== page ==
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Are the "New Atheists" As Bad as Christian Fundamentalists?

The most aggressive members of the "New Atheism" movement have quite a bit in common with religious extremists like Pat Robertson and Ted Haggard.
 
 
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 My problem with the so-called New Atheist movement is that several of the most successful of the New Atheist leaders -- as judged by book sales and speaking fees -- say Christopher Hitchens and Richard Dawkins -- remind me of the worst of my own fundamentalist evangelical background. They are as close minded as they seem to be almost pathologically certain of their beliefs. 

I know a deranged faith-based personality cult when I see one, given that my late father Francis Schaeffer was a fundamentalist guru to millions in the 1970s and 80s and a leading founder of the Religious Right, something Max Blumenthal discusses in his important book Republican Gomorrah and that I go into (in depth) in my book Patience With God--Faith For People Who Don't Like Religion Or Atheism. (In that book I explain what is wrong with evangelicalism -- besides paranoia and hate! -- and why I got out.)

The New Atheist movement is being led by several egomaniac intolerant fundamentalists. It’s relevant to ask about who they are, not just what they say or write, because the New Atheism isn’t just about non-belief in God. The leaders of this movement make loud, repeated, and bold claims about atheism being better and more moral, more ethical, and a vastly improved alternative to religion. They also name names when blasting religious leaders. 

If we are to dismiss Christianity and other religions partly because of the likes of Oral Roberts, Ted Haggard, and their shenanigans (not to mention child-molesting Roman Catholic priests, Islamic suicide bombers et al) it's just as legitimate to ask about the characters of the people pointing out religious people’s moral faults ad naming names.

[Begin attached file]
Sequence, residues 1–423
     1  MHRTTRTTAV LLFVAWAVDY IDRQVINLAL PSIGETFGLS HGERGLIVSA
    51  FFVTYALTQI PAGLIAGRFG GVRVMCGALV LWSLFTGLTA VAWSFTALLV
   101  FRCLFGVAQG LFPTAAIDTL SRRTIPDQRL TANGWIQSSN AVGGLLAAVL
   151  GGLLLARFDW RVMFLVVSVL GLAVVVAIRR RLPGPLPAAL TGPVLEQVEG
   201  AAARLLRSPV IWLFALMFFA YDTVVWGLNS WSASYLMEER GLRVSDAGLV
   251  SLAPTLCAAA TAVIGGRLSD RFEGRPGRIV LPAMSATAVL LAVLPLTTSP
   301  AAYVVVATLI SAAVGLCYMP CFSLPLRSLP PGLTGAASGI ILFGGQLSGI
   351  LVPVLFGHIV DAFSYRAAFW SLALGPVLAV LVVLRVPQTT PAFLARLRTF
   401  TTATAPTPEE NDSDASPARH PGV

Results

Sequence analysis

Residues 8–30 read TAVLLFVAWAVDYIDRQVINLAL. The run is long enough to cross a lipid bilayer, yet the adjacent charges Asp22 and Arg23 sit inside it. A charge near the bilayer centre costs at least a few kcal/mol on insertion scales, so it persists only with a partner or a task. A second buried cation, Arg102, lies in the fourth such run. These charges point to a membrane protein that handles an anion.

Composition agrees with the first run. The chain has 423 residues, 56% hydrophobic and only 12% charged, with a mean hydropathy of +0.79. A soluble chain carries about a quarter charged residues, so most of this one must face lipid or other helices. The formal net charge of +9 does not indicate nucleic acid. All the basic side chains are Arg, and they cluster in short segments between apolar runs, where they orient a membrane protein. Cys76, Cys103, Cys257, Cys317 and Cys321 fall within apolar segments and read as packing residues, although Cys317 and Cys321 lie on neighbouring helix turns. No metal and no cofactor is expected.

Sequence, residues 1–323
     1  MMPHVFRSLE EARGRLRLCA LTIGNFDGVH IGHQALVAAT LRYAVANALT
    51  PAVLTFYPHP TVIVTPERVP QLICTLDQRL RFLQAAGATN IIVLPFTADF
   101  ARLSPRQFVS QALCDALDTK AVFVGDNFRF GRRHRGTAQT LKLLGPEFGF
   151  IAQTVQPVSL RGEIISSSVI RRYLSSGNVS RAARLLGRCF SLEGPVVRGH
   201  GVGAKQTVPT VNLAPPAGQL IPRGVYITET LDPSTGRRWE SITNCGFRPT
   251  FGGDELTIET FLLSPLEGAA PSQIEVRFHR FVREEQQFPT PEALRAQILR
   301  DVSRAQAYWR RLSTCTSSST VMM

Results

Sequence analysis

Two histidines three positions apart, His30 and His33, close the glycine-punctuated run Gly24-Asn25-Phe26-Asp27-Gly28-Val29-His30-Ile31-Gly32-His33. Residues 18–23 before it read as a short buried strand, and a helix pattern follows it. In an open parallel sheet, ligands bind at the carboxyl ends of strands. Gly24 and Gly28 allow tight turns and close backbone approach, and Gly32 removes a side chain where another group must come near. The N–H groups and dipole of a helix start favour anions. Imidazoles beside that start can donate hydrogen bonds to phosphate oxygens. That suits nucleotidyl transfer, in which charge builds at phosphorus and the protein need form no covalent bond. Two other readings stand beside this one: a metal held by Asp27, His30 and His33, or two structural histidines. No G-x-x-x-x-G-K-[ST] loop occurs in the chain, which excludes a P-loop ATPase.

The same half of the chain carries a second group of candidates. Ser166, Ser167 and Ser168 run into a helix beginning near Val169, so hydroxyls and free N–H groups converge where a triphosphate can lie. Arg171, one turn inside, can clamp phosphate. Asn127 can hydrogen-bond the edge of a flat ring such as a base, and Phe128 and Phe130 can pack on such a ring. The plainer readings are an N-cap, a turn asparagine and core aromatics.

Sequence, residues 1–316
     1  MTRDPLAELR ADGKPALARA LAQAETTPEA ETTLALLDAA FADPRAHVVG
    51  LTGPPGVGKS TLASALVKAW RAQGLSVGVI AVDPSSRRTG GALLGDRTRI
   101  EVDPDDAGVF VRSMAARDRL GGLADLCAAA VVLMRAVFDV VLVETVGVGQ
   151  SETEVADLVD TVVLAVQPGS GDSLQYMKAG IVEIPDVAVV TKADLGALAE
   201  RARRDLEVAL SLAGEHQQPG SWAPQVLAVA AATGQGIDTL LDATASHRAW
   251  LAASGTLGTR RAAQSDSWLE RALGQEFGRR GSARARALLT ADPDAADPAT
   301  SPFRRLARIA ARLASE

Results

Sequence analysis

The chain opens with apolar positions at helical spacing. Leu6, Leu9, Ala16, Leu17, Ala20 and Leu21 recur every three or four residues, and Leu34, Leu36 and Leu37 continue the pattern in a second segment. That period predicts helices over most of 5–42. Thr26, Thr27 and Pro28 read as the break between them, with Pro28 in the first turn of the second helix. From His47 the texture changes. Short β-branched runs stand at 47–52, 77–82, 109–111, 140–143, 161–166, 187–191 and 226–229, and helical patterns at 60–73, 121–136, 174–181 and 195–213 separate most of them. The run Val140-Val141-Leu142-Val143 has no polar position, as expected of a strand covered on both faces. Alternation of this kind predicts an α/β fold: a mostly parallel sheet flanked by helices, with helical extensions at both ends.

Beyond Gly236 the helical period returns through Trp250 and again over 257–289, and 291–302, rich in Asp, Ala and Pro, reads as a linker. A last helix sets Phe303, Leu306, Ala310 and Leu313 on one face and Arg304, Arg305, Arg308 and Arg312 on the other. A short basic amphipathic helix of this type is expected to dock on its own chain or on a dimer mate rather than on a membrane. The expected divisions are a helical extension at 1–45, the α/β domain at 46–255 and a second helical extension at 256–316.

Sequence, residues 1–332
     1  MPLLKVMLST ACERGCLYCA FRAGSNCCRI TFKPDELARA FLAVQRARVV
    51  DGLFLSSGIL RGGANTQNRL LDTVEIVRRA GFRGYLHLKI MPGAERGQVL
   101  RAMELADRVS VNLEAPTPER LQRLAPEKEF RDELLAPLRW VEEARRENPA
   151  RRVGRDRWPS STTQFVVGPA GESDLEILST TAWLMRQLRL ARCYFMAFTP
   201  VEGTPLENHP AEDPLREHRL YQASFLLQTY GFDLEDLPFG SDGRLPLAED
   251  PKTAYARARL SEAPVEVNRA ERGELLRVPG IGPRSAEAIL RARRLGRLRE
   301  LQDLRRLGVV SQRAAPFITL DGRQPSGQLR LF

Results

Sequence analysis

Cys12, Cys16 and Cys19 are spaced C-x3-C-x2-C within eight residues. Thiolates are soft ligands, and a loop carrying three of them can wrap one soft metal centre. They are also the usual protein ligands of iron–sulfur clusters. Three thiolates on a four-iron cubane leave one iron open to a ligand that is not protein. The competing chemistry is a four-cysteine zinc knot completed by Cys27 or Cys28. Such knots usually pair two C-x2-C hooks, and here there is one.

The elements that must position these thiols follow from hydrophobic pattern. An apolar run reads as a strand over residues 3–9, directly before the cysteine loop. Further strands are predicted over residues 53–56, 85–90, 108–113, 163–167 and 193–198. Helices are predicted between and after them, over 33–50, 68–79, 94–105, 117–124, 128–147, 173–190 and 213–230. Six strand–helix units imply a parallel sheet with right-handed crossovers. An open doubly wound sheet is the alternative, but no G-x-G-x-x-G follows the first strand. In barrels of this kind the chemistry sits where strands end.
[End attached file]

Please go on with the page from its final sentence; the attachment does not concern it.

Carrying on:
I admire many people who are atheists from David Hume to Daniel Denett. I often agree with their critique of religion. And Lord knows after the near take over of America by the Religious Right and following religion's attempt to murder us 9/11-style religion deserves a good kicking! But Dawkins and Hitchens are to atheism what Oral Roberts, Pat Robertson and the late Jerry Falwell have been to religion: men who discredit whatever they're selling by their tawdry proselytizing and commercial opportunism combined with absurdly big egos and a deadly certainty that they and only they are right. With friends like these atheists need no enemies

But first some good news: the New Atheists also have several gems speaking for the movement. One is Daniel Dennett

Daniel Dennett

In the first page of Breaking the Spell—Religion As A Natural Phenomenon, Dennett writes, “I may have missed my target.” Dennett strikes me as somebody actually looking for answers. He is an atheist, but no fundamentalist. One reason I find Dennett so appealing is his decency. His humility, wit, and empathy speak volumes to me and lends a solid gravity to his wisdom. It certainly proves you don’t need to believe in God to be a moral person let alone to come across as just the sort of person anyone would like to have for a friend.

Dennett is a philosopher whose science research is related to evolutionary biology. He is also director of the Center for Cognitive Studies at Tufts University. Dennett deserves better friends than his fellow contributors to the emerging New Atheist canon. Maybe he knows this, because he puts a little distance between Dawkins and himself. In Breaking the Spell Dennett levels a subtle rebuke at Dawkins, even though he doesn’t name him: “Biologists are often accused of gene-centrism—thinking that everything in biology is explained by the action of genes. And some biologists do indeed go overboard in their infatuation with genes. They should be reminded that Mother Nature is not a gene centrist!”

 
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